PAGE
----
The ' Daily Telegraph.' commenting on Mr Massey's thanks for the protection of the Australian Navy, says that 'it- may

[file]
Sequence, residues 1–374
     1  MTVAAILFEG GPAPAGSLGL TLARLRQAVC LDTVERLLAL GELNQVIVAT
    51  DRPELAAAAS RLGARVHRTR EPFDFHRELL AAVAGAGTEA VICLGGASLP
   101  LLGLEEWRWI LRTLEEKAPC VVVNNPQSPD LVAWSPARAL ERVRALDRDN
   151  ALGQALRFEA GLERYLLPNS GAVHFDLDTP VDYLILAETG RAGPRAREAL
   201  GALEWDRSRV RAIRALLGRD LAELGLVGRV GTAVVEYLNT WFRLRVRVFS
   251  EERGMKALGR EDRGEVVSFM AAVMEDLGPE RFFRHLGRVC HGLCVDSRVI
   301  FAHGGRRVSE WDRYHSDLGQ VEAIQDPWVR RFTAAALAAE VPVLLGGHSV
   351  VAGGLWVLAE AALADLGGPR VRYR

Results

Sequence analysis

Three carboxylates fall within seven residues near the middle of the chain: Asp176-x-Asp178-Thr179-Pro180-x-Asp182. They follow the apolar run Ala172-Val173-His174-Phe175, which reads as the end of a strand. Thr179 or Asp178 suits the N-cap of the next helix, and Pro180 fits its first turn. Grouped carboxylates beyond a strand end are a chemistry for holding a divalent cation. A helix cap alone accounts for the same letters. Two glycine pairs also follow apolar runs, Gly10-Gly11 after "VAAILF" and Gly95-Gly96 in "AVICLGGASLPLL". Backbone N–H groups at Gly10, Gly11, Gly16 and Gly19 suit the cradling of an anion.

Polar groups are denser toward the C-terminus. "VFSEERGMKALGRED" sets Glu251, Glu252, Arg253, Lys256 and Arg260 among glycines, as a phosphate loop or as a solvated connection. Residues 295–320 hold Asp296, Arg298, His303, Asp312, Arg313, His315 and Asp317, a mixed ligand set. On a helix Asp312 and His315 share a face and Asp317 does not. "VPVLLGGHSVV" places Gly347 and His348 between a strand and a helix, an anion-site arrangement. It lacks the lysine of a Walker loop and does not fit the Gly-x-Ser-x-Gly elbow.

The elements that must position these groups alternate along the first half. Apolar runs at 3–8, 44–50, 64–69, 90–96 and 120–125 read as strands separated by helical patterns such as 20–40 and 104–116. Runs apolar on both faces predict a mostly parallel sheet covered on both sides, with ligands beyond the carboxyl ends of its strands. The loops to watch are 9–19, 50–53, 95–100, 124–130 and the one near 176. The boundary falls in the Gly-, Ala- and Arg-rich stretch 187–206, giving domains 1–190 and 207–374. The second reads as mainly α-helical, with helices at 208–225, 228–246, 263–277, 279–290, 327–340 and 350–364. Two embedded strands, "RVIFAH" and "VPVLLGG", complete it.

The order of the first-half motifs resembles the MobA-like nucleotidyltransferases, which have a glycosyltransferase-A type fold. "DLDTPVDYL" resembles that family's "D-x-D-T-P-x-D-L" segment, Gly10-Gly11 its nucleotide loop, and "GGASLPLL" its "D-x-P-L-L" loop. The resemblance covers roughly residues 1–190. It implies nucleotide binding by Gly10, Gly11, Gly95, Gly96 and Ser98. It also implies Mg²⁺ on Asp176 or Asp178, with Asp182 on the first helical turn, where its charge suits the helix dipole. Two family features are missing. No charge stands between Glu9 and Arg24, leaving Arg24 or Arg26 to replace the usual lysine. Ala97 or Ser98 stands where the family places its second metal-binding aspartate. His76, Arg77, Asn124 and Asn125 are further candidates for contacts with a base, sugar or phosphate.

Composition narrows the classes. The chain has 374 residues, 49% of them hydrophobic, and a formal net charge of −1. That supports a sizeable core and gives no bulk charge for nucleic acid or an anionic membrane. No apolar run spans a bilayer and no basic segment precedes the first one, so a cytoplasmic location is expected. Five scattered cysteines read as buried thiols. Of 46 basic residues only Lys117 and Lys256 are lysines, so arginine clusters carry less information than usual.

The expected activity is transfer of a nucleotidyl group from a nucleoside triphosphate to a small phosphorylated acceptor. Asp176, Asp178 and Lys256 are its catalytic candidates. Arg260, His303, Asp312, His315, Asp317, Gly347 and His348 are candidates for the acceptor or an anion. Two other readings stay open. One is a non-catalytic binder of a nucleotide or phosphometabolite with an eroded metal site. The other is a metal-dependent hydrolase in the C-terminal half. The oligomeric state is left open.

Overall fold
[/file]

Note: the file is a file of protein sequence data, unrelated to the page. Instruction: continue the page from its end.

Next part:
tho British ships ane at least in touch with the elusivo German fleet in t)he Pacific, and it will be a epecial relief to public feeling if these formidable cruisers, which at ono time were within three days of New Zealand, are finally' accounted for. Even the silencing of the Emden would be more welcome- news than tho capture of all the islands taken from Germany. J THE ELUSIVE TURK. THE DOOR NOT YET CLOSED. (London ' Times ' and Sydney ' Sun' Servioes.) LONDON, November 5. The Turkish authorities in London assert that the door has not yet closed upon peace. BUT ONE AMBASSADOR LEAVES, AND FORGETS TO PAY HIS DEBTS. A LIVELY ARGUMENT. (London 'Times' and Sydney 'Sun* Servioes.) PETROGRAD, November 5. The Turkish Ambassador departed without paying the four months' wages that were due. He told the employees lha-t they might receive them when the Turks came to Odessa. A servant retorted : "We will take them when the Russians reach Constantinople." Tho diplomat then became angry, and disparaged the Russian troop?, whereupon the .'ervaJit, struck him. Tho diplomat ' summoned the police, who hesitated to enter the Embassy. TURKISH TRICKS USELESS. I RELIGIOUS FACTIONS IN EVIDENCE. ; /London ' Times ' and Sydney ' Suu ' Services.} LONDON, November 5. The Russian Ambassador, who has left j Constantinople, says that tho Sultan might disclaim responsibility for the action of the Turkish fleet, but it is impossible to find a ji.ieific solution for the bombardment of Odessa. I A religious war has broken out at Scutari. ' The streets arc filled with Catholics and Mussulmans, who are. encamped on opposite sides of the town. There, has been fighting, and several persons were killed. TURKISH SHU'S SHY. PETROGRAD, November 5. (Received November 6. at 9.15 a.m.) Official: The Turkish fleet are con cftitrating in the strait,apparently avoiding a fight with our fleer. ENGLAND WAKING UP. CLOSING OF THE NORTH SKA. LONDON. November 5. - LI),. 'Times' says editorially that it is glad to see digits'in many quarters that the people are beginning to awaken to the gravity •>f the strugsle and the consequences depending on it. The Admiralty's Mn.ug measure to prevent the indiscriminate scattering of mines ulom: trade routes is unusual and unique, but pre.-ent eircuniM.nnros and tin; many recent disasters fully justify the decision. THE LOST HERMES. (London 'Times' ami Sydney ' Si.n' Services.) LONDON, November 5. The Admirahv announces that three niiu wore killed and 2M are missing through the lu* of the Hermes. LORD C. nERKSFORITs PLAIN SPEECH. (Loudon -Tillies' and Sydney 'Sun' Scrviecr-j LONDON, November 5. Speaking ai Croydon, Lord C. Beresford said we wore fighting like sportsmen and uentleme-.i against cowards, ruffians, and brigands. He believed that Great Britain would need aimtlier million men. .JAPANESE FOR EUROPE. (London -Times;' and Sydney 'Sun' Services.) LONDON. November 5. .Dr Diilon. ill the course "f an article, in the "Contemporary lv \ lev.,' urges that Japan be in\;teii m semi troops to Europe. A similar suggestion is m.vie in an anonvmous article in the 1- oi'tnightly Review.' GIFT OF AM MELANGE COLUMN. '.Louden "Times' and Sydney 'Sim' Services.) LONDON. November 5. A duchess, a commoner, and friends of the War Office have provided a motor ambulance column of 50 vehicles for service with the overseas exneditionaries. Kl'D' 11 EN F. R INSPECTS CA N A DIA N s THE KING'S MESSAGE. LONDON, November 5. (Received November 6. at 0.30 a.m.) Lord Kitchener iiir.peci«d the Canadians at Siilisbuiy Plain amidst intense enthusiasm. The King sent, a message that the Canadians' prompt reply was oi inestimable value and evidence of the solidarity o! ilie Empire. WATCHTNG TEIE ALIENS. (Lond.m ' Times' and Sydney 'Sun' Serriera.) LONDON. November 5.